Looking for the most popular character trope on TV right now? It’s not a gritty male antihero who is terrible to women but only because he’s had a hard life., nor is it a popular girl who seems mean, but secretly has a heart of gold (though those are certainly popular options!). Rather, it’s a character that many of you might be able to identify with–a single woman. Maybe it’s just the particular shows I choose to surround myself with (as far as I can tell, there’s never been a gritty, character-driven drama with a strong female lead that Netflix hasn’t suggested I watch), but, from Liz Lemon to Peggy Olson, it seems like the single women has always held a special place in the pop culture lexicon.
This media obsession makes sense, in a way. Unattached women are interesting, since it’s been a relatively short amount of time since a woman could feasibly be unattached, and wasn’t conscripted to getting married and settling down as soon as possible. This makes, as many people have already realized, for really great TV. So, let’s check out the best single ladies in TV:
Liz Lemon, 30 RockI mean, duh. You can't write a list about single women on TV without including Liz Lemon of 30 Rock, since she is basically the icon for single girls everywhere. She's the head writer for a moderately-to-severely unpopular sketch comedy TV show. She gives great relationship advice, despite not having much success in her own romantic life. She eats night cheese in a snuggie. All things that you can relate with, I'm sure. p>Image source:Wikipedia
Peggy Olson, Mad MenAll my fellow Mad Men stans ("Mad Fans," as nobody calls us) know that Peggy Olson might be the most inspirational single woman character of TV. She starts off as a secretary in a (deeply misogynistic) 1960s ad agency, then, though a series of promotions and savvy career moves on her own part, becomes the creative copy chief at the agency. Peggy's also single for most of the series, which, in the 1960s, was not exactly the norm. Because of this, she's often shown prioritizing her career over her personal and romantic life--in other words, she breaks the glass ceiling many, many times over. p>Image source:Wikipedia
Carrie Bradshaw, Sex And The CityOkay, so Carrie Bradshaw might not really count as a totally "inspirational" single woman. While she was viewed as a near-revolutionary example of an independent, unattached woman when Sex and the City first aired in the late 1990s, lots of issues with Carrie's character become apparent when looking at her through a present-day lens. While it's cool that she's a sex columnist, and doesn't feel the need to be attached to anyone all the time, her blatant shopping addiction and constant need to wax lyrical about shoes gets more than a little annoying. Basically, the Carrie Bradshaw character is extremely post-feminist, which means that she gets to enjoy all of the benefits of feminism without actually putting in any work.(Plus, Carrie's character is probably directly responsible for making a generation of young girls think that they could afford a New York City apartment on a weekly columnist salary, which is actually ludicrously unattainable.) Still, though, Carrie is certainly iconic, and for that, she certainly deserves a spot on this list. p>Image source:Wikipedia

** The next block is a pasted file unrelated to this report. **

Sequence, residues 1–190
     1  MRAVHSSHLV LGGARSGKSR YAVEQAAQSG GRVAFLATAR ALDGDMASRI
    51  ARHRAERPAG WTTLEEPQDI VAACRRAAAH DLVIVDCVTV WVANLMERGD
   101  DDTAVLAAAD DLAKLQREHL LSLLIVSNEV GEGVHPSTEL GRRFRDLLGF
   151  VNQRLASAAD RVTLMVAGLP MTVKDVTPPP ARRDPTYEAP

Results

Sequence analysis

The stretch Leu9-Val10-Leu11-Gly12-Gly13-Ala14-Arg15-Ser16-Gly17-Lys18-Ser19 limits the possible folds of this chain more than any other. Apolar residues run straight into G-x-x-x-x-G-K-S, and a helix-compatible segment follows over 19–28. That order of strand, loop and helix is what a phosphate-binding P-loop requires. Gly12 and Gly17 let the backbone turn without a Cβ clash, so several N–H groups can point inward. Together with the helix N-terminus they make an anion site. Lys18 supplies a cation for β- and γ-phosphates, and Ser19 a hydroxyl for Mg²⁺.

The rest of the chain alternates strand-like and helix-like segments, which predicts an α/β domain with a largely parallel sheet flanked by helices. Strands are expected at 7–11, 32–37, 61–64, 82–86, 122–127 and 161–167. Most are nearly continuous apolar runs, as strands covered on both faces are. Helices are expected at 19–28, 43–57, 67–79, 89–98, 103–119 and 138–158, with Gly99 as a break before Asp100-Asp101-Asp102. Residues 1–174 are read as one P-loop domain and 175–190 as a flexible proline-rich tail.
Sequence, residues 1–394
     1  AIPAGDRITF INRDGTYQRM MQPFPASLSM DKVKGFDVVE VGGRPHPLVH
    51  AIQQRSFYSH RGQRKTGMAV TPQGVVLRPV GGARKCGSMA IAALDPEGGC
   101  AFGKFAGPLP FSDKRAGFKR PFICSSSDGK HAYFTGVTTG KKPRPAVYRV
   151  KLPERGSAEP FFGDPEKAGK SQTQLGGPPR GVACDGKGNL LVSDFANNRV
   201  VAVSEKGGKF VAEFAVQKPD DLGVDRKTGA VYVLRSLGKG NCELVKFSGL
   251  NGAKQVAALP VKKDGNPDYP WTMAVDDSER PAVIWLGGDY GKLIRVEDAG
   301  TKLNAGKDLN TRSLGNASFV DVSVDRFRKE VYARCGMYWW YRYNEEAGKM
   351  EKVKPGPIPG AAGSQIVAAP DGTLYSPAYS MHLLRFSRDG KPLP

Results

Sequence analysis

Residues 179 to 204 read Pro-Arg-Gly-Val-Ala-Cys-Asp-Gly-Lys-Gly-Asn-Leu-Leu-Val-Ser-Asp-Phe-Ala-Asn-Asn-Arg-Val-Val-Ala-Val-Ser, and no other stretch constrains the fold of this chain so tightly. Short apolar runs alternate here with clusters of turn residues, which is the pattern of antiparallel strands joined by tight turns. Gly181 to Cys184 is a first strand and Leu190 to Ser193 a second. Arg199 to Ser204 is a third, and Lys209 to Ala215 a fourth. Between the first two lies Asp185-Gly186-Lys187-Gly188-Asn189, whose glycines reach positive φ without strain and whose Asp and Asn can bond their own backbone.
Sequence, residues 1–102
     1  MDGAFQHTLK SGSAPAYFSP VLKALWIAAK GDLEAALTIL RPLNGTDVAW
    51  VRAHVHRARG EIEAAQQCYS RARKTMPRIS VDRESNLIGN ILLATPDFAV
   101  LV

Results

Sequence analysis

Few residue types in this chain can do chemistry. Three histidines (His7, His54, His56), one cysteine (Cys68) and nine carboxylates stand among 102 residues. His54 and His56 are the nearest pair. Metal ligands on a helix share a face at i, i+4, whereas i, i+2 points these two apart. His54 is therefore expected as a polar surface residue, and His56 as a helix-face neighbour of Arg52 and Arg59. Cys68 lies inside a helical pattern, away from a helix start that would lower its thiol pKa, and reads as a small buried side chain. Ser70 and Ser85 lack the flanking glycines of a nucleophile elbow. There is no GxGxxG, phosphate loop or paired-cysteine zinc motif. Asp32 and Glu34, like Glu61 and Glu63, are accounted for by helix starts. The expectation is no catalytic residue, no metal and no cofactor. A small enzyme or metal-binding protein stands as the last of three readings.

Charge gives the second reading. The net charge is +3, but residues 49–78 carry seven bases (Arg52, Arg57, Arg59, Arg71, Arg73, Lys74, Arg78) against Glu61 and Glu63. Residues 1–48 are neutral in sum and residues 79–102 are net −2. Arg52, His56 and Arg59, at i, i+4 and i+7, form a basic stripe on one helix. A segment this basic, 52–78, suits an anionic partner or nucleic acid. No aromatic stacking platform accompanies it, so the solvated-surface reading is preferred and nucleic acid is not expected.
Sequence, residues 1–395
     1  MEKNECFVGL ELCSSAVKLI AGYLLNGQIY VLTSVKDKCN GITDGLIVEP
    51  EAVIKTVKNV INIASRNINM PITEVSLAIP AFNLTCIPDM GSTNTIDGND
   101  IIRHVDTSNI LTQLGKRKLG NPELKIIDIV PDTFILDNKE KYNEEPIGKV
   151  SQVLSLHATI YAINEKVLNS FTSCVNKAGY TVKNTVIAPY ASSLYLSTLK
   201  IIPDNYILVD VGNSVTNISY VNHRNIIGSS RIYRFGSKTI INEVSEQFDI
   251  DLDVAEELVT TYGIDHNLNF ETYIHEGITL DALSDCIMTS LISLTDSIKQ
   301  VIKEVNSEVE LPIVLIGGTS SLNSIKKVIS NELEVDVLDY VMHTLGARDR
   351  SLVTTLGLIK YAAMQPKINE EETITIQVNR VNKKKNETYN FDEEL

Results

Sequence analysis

Selina Meyer, VeepOn Veep, Selina Meyer is the first female President of the United States. She got the position through the backdoor, sort of--she was the Vice President first, then became President when the previous one resigned--but she still is the President, while also being totally single (she was married before, then get a divorce), which is cool. Is she a good President? Does she even like her job? Not really! But that doesn't really matter, since it all makes for really, really great TV. p>Image source:Wikipedia
Donna Meagle, Parks And RecreationFor the majority of Parks And Recreation, Donna Meagle's whole thing is that is is single and extremely DGAF about it. In fact, she has legions of men pursuing her, most of whom she turns down with a definitive "meh," because she is in the game for Number One and Number One alone. At the end of the series, she does settle down, but she continues to be defined by her single-lady legacy. She invented the phrase "treat yo self." Ginuwine is also her cousin. I don't know. She's the coolest. We should all try to be like Donna Meagle, really. Image source:Wikipedia
Olivia Pope, ScandalI'm not sure if Olivia Pope can really count as a true single lady, since she's always bouncing from one alleged love of her life to the next. (In fact, I stopped watching the show altogether about a year ago after realizing that I literally DGAF about whether or not she chose Fitz or Jake). But, for the most part, Olivia Pope gets it--like, she is able to balance a super high-powered, emotionally fraying career with the caretaking of her totally insane parents, as well as maintaining an excellent outerwear collection. p>Image source:Wikipedia
Elaine Benes, SeinfeldJulia Louis-Dreyfus, the actress who played Elaine, once described her as a "fraught, single, angry woman who is trying to find her way in New York and who is probably in love with Jerry Seinfeld." Same! But really, Elaine is, in many ways, the best character on Seinfeld. She dates a lot, but she never really gets attached to anyone, and is intelligent and self-assured, but also superficial, neurotic, and a little bit selfish. Basically, she's allowed to have many of the same attribute that male characters are usually given without any backlash. p>Image source:Wikipedia
What do you think about these characters? Did I forget any great ones? Let us know in the comments!
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